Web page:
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Oct 14, 2011, 01.27 PM IST
BRICS back IMF recapitalisation for Greece - G20 sources
By Abhijit Neogy
PARIS (Reuters) - Most BRICS economies favour bolstering the capital base of the International Monetary Fund as a way to contribute to a financial rescue package for Greece, G20 sources told Reuters on Thursday.
The sources, speaking as Group of 20 finance deputies met in Paris ahead of finance chief talks on Friday and Saturday, said the idea would be to avoid altering the IMF's voting structure in a bid to bring on board the United States, which has shown little appetite for boosting the IMF's resources.
"We have said this before and have conveyed this again, that if emerging economies and the BRICS are called upon to contribute, we can do it via the International Monetary Fund," one of the sources said.
"India is open to it, China and Brazil are also okay with the idea as well," he said.
A second G20 official in an emerging economy delegation said an IMF recapitalisation should not lead to any dilution of the current voting structure at the global lender.
The officials did not give details of how big a recapitalisation could be or what form it could take.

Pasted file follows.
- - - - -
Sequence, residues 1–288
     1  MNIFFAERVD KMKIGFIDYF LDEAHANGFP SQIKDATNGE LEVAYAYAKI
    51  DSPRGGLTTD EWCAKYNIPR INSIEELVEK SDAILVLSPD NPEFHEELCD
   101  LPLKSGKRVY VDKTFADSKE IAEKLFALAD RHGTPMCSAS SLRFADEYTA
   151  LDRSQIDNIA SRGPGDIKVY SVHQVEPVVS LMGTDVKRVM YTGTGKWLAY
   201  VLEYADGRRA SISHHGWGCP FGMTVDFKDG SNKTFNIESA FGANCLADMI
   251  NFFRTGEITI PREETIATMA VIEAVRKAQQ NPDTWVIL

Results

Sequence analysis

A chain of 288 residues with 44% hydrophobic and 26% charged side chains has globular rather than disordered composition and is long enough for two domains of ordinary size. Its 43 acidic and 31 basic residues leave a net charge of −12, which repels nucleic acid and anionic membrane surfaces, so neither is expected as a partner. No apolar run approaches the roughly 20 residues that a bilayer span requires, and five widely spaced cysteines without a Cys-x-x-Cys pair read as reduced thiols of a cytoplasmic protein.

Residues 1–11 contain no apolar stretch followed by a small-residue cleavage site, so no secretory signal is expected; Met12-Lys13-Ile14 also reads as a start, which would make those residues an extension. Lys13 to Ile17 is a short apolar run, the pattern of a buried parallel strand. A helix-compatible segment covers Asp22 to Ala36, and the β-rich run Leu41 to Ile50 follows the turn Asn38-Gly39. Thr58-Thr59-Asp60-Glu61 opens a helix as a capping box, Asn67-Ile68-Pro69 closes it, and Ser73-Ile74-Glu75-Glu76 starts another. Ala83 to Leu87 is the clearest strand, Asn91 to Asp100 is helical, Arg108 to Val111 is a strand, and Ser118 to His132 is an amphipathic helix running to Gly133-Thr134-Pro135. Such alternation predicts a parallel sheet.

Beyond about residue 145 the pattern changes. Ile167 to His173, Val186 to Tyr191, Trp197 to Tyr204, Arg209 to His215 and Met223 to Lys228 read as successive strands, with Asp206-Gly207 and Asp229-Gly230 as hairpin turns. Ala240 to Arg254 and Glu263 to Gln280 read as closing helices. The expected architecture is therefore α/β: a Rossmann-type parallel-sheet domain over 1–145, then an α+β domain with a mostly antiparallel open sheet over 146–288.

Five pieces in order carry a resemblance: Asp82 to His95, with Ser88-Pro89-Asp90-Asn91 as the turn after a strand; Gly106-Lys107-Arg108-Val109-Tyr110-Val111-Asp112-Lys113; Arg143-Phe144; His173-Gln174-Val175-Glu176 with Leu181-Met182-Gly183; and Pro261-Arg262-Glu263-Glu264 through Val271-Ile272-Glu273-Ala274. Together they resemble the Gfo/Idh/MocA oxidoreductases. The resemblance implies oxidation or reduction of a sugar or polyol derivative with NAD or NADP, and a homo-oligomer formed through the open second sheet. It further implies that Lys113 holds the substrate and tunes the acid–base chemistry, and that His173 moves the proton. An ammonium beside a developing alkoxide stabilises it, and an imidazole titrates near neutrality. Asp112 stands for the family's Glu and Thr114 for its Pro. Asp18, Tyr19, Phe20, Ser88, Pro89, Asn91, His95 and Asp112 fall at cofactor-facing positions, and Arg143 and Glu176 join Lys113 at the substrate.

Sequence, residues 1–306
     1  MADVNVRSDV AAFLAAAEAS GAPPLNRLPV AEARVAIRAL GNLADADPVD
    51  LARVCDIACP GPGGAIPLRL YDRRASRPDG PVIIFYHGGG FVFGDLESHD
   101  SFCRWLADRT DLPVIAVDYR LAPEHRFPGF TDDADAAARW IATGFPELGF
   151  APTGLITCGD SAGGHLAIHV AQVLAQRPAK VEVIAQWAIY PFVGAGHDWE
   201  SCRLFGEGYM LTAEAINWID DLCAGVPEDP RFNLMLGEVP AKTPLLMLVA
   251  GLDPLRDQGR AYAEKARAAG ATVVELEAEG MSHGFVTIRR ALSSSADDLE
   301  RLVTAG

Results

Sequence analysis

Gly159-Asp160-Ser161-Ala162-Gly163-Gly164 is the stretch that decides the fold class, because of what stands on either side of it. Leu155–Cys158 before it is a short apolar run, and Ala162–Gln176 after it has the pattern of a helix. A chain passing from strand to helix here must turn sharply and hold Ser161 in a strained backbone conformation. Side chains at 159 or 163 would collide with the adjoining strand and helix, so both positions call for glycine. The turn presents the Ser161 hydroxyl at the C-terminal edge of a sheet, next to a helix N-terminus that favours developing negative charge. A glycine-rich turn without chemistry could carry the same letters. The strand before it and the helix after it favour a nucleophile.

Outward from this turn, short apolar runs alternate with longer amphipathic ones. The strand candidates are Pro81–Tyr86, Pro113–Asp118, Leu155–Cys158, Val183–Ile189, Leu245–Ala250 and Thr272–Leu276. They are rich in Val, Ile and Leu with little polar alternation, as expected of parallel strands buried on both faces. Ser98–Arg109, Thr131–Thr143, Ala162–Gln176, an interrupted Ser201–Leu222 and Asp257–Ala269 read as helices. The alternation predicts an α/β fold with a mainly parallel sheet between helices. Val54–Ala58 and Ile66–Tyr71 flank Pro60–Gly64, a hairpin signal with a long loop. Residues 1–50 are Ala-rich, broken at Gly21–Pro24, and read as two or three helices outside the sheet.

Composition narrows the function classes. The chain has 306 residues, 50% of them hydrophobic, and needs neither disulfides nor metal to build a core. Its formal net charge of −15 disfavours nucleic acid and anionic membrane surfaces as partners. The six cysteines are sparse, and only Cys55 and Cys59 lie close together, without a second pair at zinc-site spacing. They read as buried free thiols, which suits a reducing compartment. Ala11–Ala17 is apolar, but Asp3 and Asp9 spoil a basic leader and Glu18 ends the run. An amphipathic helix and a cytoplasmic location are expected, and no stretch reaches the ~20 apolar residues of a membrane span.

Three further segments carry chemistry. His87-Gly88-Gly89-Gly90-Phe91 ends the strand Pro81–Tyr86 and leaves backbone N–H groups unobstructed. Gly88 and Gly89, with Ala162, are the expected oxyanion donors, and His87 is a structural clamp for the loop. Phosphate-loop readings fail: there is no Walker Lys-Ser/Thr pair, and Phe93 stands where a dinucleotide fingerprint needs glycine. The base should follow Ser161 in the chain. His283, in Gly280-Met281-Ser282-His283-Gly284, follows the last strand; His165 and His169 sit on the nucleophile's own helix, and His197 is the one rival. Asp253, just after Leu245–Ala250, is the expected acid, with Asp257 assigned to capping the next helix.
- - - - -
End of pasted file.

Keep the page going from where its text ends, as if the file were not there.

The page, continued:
Greece, trapped in a deep recession and fighting to control a public debt expected to reach 162 percent of gross domestic product this year, is struggling to overcome a crisis which many economists now predict will end in default.
The BRICS grouping consists of Brazil, Russia, India, China and South Africa, five emerging economies that are increasingly influential because of their size and their relatively fast pace of growth compared to rich world economies.
European powers such as France and Germany have dithered over how to rein in a debt crisis that is spreading from peripheral nations to the euro zone's core, driving worldwide market jitters and raising the possibility of a major fallback into recession.
The United States is piling pressure on the euro zone to get its fiscal house in order, but Washington's position is that Europe should raise its own resources to save Greece from default, rather than boosting IMF resources.
The second official, who is involved with drafting the G20 communique in Paris, said the BRICS proposal may not win support from the United States and other key powers.
Euro zone leaders are working to come up with a convincing plan to stem the bloc's debt crisis in time for an October 23 European Union summit.
(Editing by Catherine Bremer; editing by Ron Askew)
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